The Florida Bog frog (Rana okaloosae) is a member of Ranidae a.k.a. True Frogs.
The Bog Frog reaches a length of 2". They have rough dark green or brown backs. Their undersides are a mottled black. They have yellow throats, and may have light spots on the lower jaw. A light brown line runs along the lateral fold and does not reach the groin area. They will call from spring to summer with a call which sounds like a chuckle.
Habitat: The bog frog is normally restricted to Okaloosa County but may be let out on a day pass for good behavior. They prefer shallow, non-stagnant acid seeps or the shallow, boggy overflows of larger seepage streams, seepage slopes, or in flatwood areas. Apparently they hang out at Eglin Air Force Base, or more precisely the neighbouring Rocky Bayou aquatic preserve and Yellow River Marsh aquatic preserve.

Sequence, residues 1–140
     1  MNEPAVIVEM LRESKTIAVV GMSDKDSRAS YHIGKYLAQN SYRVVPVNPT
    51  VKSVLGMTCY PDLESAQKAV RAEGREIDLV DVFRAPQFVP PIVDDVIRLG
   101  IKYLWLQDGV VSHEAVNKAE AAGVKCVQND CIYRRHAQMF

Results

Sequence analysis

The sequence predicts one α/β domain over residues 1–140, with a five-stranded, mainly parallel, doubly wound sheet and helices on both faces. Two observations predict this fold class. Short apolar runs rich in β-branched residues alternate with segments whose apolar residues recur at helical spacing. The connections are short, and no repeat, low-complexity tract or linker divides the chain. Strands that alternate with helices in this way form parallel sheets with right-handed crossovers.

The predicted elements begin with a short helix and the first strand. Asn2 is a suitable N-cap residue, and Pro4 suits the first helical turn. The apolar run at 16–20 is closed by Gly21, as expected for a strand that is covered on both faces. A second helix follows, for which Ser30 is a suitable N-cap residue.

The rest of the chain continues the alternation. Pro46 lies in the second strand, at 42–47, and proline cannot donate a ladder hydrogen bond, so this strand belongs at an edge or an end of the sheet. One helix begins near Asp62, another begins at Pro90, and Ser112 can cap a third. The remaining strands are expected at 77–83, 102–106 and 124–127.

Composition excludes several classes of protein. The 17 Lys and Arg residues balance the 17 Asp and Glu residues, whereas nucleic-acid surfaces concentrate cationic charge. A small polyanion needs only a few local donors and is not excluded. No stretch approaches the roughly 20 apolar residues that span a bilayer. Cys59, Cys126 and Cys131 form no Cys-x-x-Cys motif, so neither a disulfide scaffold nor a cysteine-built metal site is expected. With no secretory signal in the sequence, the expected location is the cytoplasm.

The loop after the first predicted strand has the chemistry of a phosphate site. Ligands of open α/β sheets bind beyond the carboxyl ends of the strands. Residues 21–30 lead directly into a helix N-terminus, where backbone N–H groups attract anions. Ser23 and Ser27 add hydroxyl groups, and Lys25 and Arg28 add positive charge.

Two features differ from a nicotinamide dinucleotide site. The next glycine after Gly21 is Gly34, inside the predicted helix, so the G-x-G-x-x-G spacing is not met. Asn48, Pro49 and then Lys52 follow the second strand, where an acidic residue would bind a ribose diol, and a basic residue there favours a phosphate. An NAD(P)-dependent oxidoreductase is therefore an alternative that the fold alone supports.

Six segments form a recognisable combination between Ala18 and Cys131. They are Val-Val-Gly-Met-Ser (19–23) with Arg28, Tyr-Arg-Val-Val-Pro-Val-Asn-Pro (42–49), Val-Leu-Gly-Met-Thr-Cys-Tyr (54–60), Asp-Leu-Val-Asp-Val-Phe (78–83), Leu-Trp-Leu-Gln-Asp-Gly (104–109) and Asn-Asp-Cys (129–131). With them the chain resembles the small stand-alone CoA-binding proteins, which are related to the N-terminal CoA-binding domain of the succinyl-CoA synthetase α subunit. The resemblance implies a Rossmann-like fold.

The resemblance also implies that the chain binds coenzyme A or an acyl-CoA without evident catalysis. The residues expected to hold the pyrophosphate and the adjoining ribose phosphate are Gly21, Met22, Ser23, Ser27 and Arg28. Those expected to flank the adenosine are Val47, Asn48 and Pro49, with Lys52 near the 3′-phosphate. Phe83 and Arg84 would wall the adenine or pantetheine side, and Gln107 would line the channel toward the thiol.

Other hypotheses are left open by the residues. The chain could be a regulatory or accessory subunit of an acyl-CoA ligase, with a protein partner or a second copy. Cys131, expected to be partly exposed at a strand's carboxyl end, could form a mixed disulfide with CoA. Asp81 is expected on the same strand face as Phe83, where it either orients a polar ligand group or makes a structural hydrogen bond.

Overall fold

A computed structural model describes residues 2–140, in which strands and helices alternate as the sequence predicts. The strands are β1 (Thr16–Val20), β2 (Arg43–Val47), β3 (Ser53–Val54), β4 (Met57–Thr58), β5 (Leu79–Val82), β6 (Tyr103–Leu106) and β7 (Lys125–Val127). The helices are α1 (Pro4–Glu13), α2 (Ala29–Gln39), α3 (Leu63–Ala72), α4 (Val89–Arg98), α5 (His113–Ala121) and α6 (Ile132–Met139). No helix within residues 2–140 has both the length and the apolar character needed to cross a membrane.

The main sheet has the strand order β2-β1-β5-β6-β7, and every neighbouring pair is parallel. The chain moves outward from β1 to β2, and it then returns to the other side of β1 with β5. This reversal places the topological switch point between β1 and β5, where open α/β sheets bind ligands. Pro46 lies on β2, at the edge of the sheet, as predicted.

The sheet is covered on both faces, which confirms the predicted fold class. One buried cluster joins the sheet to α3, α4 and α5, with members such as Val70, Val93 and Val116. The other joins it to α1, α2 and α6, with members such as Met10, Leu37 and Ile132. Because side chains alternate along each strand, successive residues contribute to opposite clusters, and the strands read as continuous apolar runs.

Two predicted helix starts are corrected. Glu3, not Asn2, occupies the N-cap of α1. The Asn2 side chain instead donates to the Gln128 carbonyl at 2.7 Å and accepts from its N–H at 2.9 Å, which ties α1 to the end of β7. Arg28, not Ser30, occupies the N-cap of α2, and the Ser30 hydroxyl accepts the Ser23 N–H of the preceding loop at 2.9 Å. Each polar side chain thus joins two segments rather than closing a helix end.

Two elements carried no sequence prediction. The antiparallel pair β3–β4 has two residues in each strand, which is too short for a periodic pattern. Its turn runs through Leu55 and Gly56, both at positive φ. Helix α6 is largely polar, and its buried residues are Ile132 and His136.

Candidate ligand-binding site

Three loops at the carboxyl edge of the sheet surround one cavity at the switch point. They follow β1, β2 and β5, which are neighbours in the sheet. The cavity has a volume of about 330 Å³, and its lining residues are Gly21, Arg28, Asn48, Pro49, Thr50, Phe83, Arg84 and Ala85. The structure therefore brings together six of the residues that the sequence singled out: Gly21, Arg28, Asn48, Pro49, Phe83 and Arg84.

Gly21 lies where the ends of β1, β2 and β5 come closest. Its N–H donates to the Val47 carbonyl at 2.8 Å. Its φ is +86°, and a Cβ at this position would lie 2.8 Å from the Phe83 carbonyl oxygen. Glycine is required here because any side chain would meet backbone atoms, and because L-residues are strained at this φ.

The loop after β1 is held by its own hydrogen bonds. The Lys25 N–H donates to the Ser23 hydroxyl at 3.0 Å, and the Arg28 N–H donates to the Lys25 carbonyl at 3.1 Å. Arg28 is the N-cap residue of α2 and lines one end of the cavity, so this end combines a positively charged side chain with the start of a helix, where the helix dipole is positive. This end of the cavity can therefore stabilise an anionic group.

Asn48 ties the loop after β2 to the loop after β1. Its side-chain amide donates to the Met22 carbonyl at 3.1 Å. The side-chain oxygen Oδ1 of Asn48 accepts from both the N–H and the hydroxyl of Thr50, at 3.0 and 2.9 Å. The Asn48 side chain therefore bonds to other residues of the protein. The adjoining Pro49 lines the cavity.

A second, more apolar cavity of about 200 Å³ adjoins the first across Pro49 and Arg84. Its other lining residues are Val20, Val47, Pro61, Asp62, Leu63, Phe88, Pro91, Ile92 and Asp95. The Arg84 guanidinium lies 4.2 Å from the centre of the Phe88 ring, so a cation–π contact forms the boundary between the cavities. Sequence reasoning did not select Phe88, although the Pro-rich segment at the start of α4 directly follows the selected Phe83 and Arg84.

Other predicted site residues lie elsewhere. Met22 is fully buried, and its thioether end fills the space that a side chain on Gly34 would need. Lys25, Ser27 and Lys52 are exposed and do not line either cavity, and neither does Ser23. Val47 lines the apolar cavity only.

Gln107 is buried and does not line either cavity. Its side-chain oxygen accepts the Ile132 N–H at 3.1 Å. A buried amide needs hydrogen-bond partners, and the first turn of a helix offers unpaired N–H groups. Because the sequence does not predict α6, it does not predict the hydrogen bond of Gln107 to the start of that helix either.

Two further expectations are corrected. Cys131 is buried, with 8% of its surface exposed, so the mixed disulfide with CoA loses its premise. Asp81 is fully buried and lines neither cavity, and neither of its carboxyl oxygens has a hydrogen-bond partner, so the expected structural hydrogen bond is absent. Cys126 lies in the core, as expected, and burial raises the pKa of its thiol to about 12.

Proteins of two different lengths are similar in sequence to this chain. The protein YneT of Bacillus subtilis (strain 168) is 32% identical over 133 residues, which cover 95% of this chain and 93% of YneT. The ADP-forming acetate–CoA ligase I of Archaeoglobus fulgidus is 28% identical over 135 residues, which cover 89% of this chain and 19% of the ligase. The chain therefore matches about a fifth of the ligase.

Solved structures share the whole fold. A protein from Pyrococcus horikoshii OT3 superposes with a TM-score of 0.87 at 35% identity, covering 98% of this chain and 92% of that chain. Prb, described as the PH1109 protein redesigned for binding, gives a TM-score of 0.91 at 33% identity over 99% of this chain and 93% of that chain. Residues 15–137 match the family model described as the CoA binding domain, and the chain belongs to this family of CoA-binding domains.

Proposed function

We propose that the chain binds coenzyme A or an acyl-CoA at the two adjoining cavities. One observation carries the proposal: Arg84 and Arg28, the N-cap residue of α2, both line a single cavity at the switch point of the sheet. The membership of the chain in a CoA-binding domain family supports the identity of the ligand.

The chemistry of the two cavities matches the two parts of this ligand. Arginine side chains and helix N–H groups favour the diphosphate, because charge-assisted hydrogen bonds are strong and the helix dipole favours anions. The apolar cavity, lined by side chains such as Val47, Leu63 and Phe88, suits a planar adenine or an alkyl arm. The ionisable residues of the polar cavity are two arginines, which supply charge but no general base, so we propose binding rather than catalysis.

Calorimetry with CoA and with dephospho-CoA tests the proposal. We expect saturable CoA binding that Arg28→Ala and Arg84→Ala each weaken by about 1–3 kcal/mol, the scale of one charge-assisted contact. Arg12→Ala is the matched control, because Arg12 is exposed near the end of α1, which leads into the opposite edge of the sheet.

Bog frogs are a "sensitive" species (proposed for federal endangered status), so permits (which are apparently required in Florida for trafficking in amphibians) are not provided for this species. It is the rarest frog or toad in the state.